Š Artwork by Miles Atkinson. Lettering by Beverly A. Devakishen


TV & FILM

The Queer Review

FILM: THE HANDMAIDEN The Handmaiden became something of an instant (if cult) classic when it was released in 2016 as an adaptation of Sarah Waters’ popular novel Fingersmith, and, in my opinion, this is not based on overhype at all. It is intense and beautiful and engaging, and ultimately a story of how the love between two girls directly shaped their happy ending, which, as we all know, is a rare occurrence in itself in queer media. The story follows a young girl who becomes maid to an heiress as part of a scheme for a conman to seduce her and steal

her fortune, a scheme which definitely didn’t account for the heiress falling in love with the maid instead, turning the plans upside down. Just like the book, this is a layered film, with new dimensions to past scenes revealed as it goes on, but it is a lot more accessible than I was anticipating, thanks to the mastery of the director, Park Chan-wook, in creating an authentically Korean story that became a worldwide hit. It is incredibly unique and I can’t wait to watch it again (and again and again). - CHLOË MURRELL

FILM: ANATOMY OF A LOVE SEEN This film as a concept is great in itself. It follows, in real time, two actresses who are called back to reshoot an intimate scene; however, while the first time around they were dating, by the second shoot they’ve broken up, making things on set complicated and emotional. It is heart-breaking to watch the two women stoke up their old feelings for the camera in this awkward, interesting, and unique scenario. The film is zoom-focused on their relationship, and (my favourite bit) the story

seems to happen in a bubble outside of a wider modern-day setting, greatly due to its style, which means there is no stereotypical homophobic context! The simplicity of it is a breath of fresh air, and you (obviously) wind up rooting for the two women, as does every other character in the film, very much unsubtly. Anatomy of a Love Seen is a queer staple, it is on Netflix, and it is very easy watching. - CHLOË MURRELL

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The Queer Review

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TV & FILM

FILM: CAROL

hat more can you want than a classy period drama where Cate Blanchett falls in love with the awkward quiet girl you probably relate to? Although it premiered in 2015, this is a film that feels like it’s been around forever, having a timeless quality that almost makes it easy to imagine girls seeking it out decades ago, and certainly needing it. It’s a story of subtleties. A rich older woman in the process of divorcing a husband who’s looking for ways to catch her out, in a meet-cute with someone scared of their own questioning: that is a recipe for many faltering outstretched hands and aborted questions. Neither of them dares to make a move despite the obvious attraction between them, which I think is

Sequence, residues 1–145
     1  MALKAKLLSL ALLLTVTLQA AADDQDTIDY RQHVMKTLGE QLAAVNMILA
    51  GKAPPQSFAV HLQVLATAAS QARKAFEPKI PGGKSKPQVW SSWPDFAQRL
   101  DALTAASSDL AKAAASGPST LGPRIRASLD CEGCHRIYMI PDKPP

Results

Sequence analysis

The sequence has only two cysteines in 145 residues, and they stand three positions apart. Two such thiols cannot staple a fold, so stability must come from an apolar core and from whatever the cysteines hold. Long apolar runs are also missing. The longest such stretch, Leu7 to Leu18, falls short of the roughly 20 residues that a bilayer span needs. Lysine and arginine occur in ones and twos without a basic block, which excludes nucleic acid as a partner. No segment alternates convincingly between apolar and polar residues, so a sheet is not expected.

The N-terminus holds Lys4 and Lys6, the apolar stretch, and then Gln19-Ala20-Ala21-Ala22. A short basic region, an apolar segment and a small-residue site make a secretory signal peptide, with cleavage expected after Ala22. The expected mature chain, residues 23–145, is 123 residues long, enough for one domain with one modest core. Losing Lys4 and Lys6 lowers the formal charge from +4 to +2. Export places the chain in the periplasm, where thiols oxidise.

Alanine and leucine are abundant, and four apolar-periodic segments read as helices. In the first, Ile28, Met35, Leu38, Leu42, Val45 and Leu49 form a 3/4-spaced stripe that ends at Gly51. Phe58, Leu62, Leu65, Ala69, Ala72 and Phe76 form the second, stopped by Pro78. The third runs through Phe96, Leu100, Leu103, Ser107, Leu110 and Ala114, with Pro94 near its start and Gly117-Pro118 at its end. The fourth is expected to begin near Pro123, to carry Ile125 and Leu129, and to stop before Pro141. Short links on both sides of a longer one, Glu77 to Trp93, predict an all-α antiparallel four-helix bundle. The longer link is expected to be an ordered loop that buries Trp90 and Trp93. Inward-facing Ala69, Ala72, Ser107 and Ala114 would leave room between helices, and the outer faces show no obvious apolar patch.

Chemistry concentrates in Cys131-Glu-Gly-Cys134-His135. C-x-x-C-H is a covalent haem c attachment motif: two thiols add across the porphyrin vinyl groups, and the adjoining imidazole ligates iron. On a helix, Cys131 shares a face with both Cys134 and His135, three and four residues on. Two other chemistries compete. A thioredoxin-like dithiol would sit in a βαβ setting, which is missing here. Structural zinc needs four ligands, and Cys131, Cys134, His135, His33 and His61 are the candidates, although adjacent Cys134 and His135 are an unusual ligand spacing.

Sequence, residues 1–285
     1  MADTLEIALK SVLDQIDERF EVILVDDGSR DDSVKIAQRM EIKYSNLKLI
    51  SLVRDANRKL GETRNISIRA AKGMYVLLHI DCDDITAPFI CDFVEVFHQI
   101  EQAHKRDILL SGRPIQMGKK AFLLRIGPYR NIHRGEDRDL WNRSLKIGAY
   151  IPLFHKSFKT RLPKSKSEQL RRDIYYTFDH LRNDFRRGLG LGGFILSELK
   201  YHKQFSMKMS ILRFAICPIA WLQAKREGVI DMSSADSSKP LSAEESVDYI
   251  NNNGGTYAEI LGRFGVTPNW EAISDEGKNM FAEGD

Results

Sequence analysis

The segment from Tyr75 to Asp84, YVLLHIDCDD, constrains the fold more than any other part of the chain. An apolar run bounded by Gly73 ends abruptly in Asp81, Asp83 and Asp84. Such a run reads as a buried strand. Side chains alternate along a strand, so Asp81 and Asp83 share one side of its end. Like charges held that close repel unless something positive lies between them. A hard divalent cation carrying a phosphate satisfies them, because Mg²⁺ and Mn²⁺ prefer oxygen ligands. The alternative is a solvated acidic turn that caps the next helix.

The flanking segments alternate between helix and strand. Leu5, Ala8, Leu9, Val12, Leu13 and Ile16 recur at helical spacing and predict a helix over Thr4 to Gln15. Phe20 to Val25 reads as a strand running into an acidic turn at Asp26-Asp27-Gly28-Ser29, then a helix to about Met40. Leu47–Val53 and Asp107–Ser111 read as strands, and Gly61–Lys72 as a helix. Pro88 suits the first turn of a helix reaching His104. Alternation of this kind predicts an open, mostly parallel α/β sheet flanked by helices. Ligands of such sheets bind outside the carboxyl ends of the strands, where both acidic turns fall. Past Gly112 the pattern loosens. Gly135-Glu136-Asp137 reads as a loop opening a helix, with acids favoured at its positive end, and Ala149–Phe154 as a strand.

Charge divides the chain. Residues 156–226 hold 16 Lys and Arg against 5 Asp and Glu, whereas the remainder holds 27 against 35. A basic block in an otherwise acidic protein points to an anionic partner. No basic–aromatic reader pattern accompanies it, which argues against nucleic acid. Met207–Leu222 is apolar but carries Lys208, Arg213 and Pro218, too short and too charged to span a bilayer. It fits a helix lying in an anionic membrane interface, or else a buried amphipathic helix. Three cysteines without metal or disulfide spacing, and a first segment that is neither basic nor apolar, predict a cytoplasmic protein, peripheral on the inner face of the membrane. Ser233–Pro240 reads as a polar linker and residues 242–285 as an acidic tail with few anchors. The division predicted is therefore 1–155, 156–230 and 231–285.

© Artwork by Isabelle Siddle

something very unique to queer experience and contributes to the way the film seems to almost transcend time. It is unequivocally tet in the fifties, reflecting the historical secrecy of queer relationships, but the story itself could have been placed in front of any backdrop and played out in the same way. It touches something human, and this goes some way to explaining why it became so revered in the world of lesbian film so quickly. (Ask any given lesbian and she will tell you how amazing Carol is.) It is gorgeously shot, and the way the script leaves room for quiet stretches means you can really get inside the heads of the characters, who are so desperately trying to remain ineffable, just as they are to each other. The details of the film, the small touches that were added and make it so unique, give it an unmistakable sensuality, an air of passion between the two women that makes this film almost addictive. I’m sure this is a film that will still be as popular as it is now in a decade, and the one after that, and I’m just sad for all the girls in decades before ours who did not yet have Carol. - CHLOË MURRELL

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TV & FILM

The Queer Review

FILM: IMAGINE ME AND YOU Imagine Me and You fulfils all your cheesy rom-com needs, with the added plus of lesbians, and it definitely makes for a good time. The cast and script are both amazing, the main actresses talented and the story well executed, taking a fairly standard plotline--newly-married woman falls in love at first sight with someone she meets at her wedding-and humanising it so it becomes more than a love story: a film about people’s lives. The many points of view create a well-rounded and thoughtful portrayal of a difficult predicament, and

it is all so well written that it becomes hard to dislike any of the characters (except Rob). It is not only a lot of fun to watch, but heart-warming, with special appreciation for the support of Rachel’s family. Luce being such good gay representation definitely is a big bonus as well. It’s worth checking out for the writing alone, but also the clueless delight of what is essentially first love for Rachel. If you’re looking for a queer film that does not fall into the ‘bury your gays’ trope, this is for you. - CHLOË MURRELL

FILM: APPROPRIATE BEHAVIOUR I actually wouldn’t call this a film as much as a snapshot of someone’s life, roughly covering the course of a relationship. Desiree Akhavan stars as herself (sort of) in this semi-autobiographical cinematic debut, and I think that’s what makes it feel so intimate: because it is. It is set in the lively New York scene, but for all its trendy elements it is still, above all, a personal story about the struggle for identity for a young person in the modern day. Shirin (Akhavan) is a brilliant protagonist

that really pulls you through the story with her humour and honesty, and her relationship with Maxine feels truthful. One of my favourite things about the film is that it doesn’t gloss over things— it includes Shirin’s difficulties with her family and culture in the context of her sexuality, and even a subplot about the dreaded ‘couple’s looking for a third’. Its introspective tone really makes it, and it’s definitely one of the most enjoyable films of its genre. - CHLOË MURRELL